American crows have understandably found it quite easy to transition to an urban environment.  Knight (1987) found that crows in urban areas are far less defensive of their nests than crows in rural areas due to differences in human interaction; crows in rural areas are often persecuted and hunted by humans, while urban crows are not. Knight found that rural crows were more cautious in defending their nests, preferring to stay farther away (out of gun shot range) and call as humans approached. The urban crows, on the other hand, only started to call when the humans actually began to climb the tree in which the nest was located, and proceeded to actively defend the nest by diving at the intruder. Knight (1987) concluded that urban crows have “habituated to human beings on the ground.”

In a later study by Knight (1991), a comparison was made between American crows, bald eagles (Haliaetus leucocephalus), and common ravens (Corvus corax) that were anglers off the coast of Washington state. Knight found that both the bald eagles and the common ravens showed a stronger preference for perching – as opposed to foraging on the ground – while anglers were present, which doesn’t seem very surprising. What is interesting, however, is that  the American crows were actually more likely to be on the ground with anglers present than without. Knight (1991) found that both bald eagles and ravens shifted their diurnal eating patterns on the days that anglers were present, yet crows continued to forage throughout the day, “thereby depleting the food at the expense of eagles and ravens.” Perhaps the crows had adapted more quickly to the anglers, just as they had to the less-persecuting urban humans, and found a unique window of opportunity for less foraging competition during the angler’s visits.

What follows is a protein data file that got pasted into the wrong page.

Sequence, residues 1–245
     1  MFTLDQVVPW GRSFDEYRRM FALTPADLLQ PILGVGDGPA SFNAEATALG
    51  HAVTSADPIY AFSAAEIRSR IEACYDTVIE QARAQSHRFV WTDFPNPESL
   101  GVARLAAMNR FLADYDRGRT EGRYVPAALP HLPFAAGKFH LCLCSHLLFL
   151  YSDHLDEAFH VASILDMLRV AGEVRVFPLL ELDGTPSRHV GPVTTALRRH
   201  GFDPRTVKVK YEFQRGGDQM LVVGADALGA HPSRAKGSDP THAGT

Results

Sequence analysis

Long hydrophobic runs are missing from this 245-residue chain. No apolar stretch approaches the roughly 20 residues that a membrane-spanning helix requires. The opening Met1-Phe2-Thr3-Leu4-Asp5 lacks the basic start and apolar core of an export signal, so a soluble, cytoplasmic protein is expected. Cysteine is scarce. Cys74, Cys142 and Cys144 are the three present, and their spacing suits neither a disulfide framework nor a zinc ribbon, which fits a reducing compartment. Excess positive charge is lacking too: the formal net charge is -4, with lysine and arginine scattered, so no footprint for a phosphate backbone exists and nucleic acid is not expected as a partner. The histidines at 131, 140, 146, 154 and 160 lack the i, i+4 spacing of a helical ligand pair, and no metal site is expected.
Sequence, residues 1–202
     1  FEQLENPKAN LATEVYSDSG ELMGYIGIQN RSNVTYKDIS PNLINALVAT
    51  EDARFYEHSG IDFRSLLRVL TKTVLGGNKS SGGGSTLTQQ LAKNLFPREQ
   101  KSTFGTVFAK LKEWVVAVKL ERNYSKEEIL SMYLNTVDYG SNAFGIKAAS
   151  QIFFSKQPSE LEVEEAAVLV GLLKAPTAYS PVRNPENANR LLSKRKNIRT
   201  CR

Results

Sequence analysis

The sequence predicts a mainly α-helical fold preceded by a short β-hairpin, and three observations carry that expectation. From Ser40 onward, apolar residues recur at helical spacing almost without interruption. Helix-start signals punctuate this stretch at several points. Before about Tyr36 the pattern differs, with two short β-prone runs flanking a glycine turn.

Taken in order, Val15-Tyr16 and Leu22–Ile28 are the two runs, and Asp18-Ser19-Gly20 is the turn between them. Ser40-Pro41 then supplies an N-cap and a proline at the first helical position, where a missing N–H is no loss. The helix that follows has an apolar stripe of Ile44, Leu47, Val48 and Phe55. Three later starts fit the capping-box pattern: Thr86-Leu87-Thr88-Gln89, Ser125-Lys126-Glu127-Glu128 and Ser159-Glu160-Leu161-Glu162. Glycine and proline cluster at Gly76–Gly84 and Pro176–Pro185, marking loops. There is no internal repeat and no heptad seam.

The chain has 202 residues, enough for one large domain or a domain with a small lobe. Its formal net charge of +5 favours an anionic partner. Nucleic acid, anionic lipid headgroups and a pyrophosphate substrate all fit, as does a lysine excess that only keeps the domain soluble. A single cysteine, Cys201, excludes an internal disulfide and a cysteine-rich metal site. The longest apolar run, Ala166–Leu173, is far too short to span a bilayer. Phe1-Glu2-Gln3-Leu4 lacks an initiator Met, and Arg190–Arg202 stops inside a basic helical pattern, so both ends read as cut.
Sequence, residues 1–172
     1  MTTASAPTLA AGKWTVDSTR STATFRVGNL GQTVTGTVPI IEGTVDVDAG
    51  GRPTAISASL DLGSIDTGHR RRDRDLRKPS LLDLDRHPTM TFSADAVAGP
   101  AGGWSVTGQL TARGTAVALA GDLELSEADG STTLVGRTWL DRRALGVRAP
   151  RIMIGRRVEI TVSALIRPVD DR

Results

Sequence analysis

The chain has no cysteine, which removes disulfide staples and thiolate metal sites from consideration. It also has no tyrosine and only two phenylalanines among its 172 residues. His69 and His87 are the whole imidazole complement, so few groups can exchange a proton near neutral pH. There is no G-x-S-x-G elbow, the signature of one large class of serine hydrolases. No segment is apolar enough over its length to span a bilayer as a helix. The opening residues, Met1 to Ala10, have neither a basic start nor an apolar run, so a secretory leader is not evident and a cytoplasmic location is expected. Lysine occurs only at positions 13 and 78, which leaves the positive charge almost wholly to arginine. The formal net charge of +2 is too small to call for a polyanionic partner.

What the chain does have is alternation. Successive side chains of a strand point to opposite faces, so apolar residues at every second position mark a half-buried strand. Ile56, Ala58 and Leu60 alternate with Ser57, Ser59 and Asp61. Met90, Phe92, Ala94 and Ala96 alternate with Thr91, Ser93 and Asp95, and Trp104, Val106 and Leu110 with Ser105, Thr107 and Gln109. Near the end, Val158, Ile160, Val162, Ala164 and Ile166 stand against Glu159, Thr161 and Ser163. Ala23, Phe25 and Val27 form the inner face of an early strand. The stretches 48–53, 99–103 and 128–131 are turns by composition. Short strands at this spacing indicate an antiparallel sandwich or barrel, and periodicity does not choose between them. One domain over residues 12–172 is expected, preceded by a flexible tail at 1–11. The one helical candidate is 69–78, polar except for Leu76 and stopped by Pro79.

I recently found myself lucky enough to observe a group (aka “murder”) of American crows first hand near my house. A small group of four crows were foraging in the grass just off the main road, seemingly oblivious to the cars rushing by. I think instead that they had adapted to the sight and sounds of the large metal beasts and knew that it was a very rare occasion that these strange creatures would venture off their hard grey path. The crows had little to fear here. I unfortunately did not observe any tool use that day, but nonetheless found the behavior of the birds to reveal their intelligence. The birds walked slowly at times, looking in the grass with beady eyes that belied their no doubt complex cortexes. They appeared to examine the ground carefully, rather than just pecking incessantly like some of their less intelligent feathered relatives.

While I find its label as a portent of doom to be dubious at best, there should be no doubt as to the intelligence of the American crow. Recent studies have all but confirmed many ornithologists’ beliefs that the crow represents “the most advanced stage of avian evolution” (Powell 1976). Perhaps we should consider changing the name for a group of crows from a “murder” to a “mensa.” I for one find it far more appropriate.

For anyone interested in learning more about the American crow, I recommend watching PBS Nature’s 50 minute episode on recent research into the intelligence of crows, entitled A Murder of Crows. The full episode can be found here.


Caffrey, C. 2001. Goal-directed use of objects by American crows. The Wilson Bulletin 113(1): 114-115. doi: 10.1676/0043-5643(2001)113[0114:GDUOOB]2.0.CO;2